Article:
Basic Psychology, Psychopathology

Cognitive Behavioral Therapy (CBT)

What Is Cognitive Behavioral Therapy?

Cognitive Behavioral Therapy is a type of psychotherapy that modifies your thought patterns. It helps to change your behaviors and moods. The therapy has its origins in the work of Aaron T. Beck and Albert Ellis in the late 1950s and 60s.

In a nutshell, CBT treatment for depression is a blend of cognitive and behavioral therapy whereby the therapist helps you to identify particular negative thought patterns as well as your behavioral responses to stressful and challenging situations.

CBT is a way of talking about:

  • How your actions affect your feelings and thoughts.
  • How you perceive yourself, other people and the world.

Treatment involves guiding you to develop more constructive and balanced ways of coping with stressors. Ideally, this will eliminate or minimize your upsetting behavior or disorder altogether. CBT focuses on how to improve your state of mind right now, rather than on looking back on the past.CBT.jpg

What Does CBT Involve?

As with any new experience, going for CBT for depression can be daunting. However, we have put together a short guide of what’s involved so you’re prepared:


  • You may meet with your therapist for as little as five, to as many as 20 weekly or biweekly sessions. In general, sessions last between 30 and 60 minutes.
  • Throughout the initial two to four sessions, your therapist will ascertain whether you are right for the treatment and whether you feel comfortable with it.
  • Your therapist will ask you about your background and past. CBT focuses on the present, but you may, at times, need to open up about your past to understand how it is affecting you currently.
  • You make the decision on what you need and want to deal with.
  • Along with the therapist, you start by agreeing on what is to be discussed that day.

The work:

  • With the support of the therapist, each of your problems are broken down into different parts. To assist with this, you may be asked to keep a diary to help you identify emotions, thoughts, patterns of action and physical feelings.
  • You and your therapist will both look at your behaviors, feelings and thoughts to see how they affect each other and how they affect you you, and to see if they are unhelpful or unrealistic. Your therapist will then work with you to figure out how to change any negatives.
  • Your therapist will often give you “homework.” This involves practicing identified changes you need to make in everyday life.
  • During every meeting, you’ll have the opportunity to discuss your progress since the previous session. If a certain task hasn’t been working for you, your therapist will address this.
  • You will never be made to do anything you don’t want to do. You dictate the pace of your therapy. You can also continue to practice and develop your skills long after the sessions have finished. This will allow you to remain healthy for many years to come.adcb8dd19522358750597a488210ff40.jpg

How Does CBT Work?

CBT, unlike psychodynamic and psychoanalytic therapies (that often take several years to discover, and treat), is a shorter-term approach that usually takes as little as six sessions or up to 20 sessions.Throughout each session, you and the therapist will look at and identify situations within your life that may be contributing to or causing your depression. It is then that any of your distorted perceptions and current patterns of thinking can be identified and tackled.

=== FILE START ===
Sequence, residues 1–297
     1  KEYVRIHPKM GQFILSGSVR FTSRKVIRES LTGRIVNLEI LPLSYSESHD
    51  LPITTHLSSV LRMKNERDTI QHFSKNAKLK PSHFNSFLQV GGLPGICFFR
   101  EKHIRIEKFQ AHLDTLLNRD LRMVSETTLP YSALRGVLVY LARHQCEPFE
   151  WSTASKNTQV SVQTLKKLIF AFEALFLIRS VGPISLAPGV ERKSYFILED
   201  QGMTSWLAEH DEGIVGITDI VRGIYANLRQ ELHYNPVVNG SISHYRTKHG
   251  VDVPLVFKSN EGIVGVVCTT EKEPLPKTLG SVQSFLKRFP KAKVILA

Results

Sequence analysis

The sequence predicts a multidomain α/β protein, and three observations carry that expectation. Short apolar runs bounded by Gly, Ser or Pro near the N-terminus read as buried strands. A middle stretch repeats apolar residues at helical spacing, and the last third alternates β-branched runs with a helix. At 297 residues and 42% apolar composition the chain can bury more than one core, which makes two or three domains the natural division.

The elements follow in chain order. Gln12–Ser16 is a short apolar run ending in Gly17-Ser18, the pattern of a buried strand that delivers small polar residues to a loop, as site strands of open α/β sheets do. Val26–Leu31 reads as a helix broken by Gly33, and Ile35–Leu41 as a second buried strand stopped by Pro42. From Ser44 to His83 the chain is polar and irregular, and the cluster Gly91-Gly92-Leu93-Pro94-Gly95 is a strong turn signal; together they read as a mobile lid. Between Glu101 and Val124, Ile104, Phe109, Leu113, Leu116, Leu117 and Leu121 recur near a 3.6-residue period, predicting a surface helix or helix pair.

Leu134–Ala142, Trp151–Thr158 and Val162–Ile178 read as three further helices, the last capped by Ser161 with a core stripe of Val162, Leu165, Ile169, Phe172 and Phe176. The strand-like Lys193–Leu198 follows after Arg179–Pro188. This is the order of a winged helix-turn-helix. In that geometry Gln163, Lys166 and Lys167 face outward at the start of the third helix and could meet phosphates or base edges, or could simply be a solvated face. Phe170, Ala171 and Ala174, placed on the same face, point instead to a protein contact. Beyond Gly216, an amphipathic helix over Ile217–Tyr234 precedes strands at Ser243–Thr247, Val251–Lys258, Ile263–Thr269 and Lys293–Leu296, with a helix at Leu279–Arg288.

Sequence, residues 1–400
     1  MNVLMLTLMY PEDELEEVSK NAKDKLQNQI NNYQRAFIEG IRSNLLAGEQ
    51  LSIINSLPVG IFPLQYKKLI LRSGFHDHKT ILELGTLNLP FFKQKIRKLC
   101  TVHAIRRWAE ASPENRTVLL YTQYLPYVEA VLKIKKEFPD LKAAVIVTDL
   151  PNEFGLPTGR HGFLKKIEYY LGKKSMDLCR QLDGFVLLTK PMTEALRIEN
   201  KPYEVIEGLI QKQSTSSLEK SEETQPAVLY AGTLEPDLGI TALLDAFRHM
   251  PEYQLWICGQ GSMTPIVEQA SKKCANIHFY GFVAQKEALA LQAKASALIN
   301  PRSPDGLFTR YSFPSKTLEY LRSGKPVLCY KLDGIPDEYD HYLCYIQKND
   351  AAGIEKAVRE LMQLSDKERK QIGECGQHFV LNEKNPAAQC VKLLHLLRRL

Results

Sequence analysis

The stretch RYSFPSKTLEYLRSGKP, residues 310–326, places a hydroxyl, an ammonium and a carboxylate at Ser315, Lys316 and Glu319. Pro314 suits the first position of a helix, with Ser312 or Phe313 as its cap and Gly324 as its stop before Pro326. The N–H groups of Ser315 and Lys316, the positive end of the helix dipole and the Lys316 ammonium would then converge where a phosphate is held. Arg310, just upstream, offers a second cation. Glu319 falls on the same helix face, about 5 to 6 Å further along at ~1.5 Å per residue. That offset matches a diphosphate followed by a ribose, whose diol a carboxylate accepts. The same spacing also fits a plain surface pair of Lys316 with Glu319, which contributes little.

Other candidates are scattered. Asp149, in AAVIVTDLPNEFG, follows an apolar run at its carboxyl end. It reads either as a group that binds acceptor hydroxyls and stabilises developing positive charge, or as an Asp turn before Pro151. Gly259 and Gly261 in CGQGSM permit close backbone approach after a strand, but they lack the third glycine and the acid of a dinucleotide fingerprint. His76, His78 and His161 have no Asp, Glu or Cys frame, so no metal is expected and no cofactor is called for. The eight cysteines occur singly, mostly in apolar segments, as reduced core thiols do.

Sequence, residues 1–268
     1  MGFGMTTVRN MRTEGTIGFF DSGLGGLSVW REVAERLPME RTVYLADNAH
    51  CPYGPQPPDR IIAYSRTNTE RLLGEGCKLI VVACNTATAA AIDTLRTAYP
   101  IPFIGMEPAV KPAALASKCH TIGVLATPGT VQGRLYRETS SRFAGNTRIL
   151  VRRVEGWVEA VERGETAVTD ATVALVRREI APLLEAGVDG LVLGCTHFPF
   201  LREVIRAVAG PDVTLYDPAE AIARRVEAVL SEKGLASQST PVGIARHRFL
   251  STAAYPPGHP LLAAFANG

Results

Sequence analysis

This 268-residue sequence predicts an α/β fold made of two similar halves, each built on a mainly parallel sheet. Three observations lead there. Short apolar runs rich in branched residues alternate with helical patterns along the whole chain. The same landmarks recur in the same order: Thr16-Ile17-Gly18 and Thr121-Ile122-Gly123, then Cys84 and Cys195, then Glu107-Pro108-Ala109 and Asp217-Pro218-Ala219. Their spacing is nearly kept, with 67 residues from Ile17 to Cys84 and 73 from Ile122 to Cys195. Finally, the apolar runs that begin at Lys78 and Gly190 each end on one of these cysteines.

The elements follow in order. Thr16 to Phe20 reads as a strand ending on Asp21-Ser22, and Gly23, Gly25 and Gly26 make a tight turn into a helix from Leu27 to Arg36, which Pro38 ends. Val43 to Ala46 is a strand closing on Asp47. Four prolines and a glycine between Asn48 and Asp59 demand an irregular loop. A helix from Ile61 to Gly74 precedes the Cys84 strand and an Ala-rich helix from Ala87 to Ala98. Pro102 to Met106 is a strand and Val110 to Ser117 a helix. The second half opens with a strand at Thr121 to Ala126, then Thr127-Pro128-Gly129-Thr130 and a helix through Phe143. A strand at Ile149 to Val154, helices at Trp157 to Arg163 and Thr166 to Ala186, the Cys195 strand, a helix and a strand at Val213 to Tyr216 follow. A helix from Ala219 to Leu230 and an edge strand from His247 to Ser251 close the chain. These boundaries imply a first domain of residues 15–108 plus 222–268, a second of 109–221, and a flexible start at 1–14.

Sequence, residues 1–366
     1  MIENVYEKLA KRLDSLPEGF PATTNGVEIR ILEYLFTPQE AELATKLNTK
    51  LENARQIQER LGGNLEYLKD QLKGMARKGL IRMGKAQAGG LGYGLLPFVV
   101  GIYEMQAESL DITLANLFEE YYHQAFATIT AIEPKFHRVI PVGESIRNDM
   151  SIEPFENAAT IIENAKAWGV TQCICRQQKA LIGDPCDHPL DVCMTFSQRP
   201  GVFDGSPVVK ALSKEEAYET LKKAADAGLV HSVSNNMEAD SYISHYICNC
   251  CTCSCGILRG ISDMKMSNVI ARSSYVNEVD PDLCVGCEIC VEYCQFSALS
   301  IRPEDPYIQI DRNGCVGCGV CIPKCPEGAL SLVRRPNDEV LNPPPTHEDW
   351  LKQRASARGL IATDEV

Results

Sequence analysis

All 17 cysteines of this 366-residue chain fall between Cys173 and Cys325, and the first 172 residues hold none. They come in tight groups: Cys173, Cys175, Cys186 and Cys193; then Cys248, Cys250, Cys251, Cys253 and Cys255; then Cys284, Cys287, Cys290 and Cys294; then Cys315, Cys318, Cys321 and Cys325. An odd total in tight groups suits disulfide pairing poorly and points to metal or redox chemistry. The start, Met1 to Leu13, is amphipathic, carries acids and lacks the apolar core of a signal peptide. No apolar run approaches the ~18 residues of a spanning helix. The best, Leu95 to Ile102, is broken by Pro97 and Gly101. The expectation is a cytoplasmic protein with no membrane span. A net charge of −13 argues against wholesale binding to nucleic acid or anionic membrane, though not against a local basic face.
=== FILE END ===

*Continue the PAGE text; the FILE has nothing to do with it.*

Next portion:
You may be encouraged to keep a Thought Diary to record different life events and your reactions to them. This then helps the therapist to identify and break down your thought patterns and reactions into different categories of negative thought, including:

  • Overgeneralization – drawing conclusions that are far too broad in terms of one single event.
  • Allor-nothing thinking – viewing the world as completely black-and-white.
  • Automatically negative thoughts – experiencing scolding habitual thoughts.
  • Rejecting the positive – disqualifying positive experiences and feeling that they “don’t count.”
  • Unrealistically minimizing or maximizing the importance of events – building things up or diminishing them in ways that don’t match reality.
  • Taking things too personally –thinking that everything happening around you is because of something you did or said or a feeling that other people’s unrelated actions are specifically directed at you.
  • Focusing on one negative issue – dwelling on this consistently until your perception of reality is darkened.

Thought Diary is a very important aspect of Cognitive Behavioral Therapy.Here the thought column are mostly Negative Automatic Thoughts (refers to the automatic  negative and random  thoughts people have in response to things happening around them).So the therapist starts asking questions about the negative automatic thoughts to you until ,you come to know the reality out of the negative thoughts and thus you will start to rationalise the negative thoughts . This process in CBT is known as Thought Challenging. Thought Diary prompts you to:

  • Use self-evaluation to respond and reflect in appropriate and healthy ways.
  • Practice balanced and accurate self-talk.
  • Learn how you can comprehensively and accurately assess emotional behavior as well as external reactions and situations.
  • Learn to modify and control your distorted reactions and thoughts.

Through utilizing these various techniques, you can learn how to live again in balance with your own body and mind.

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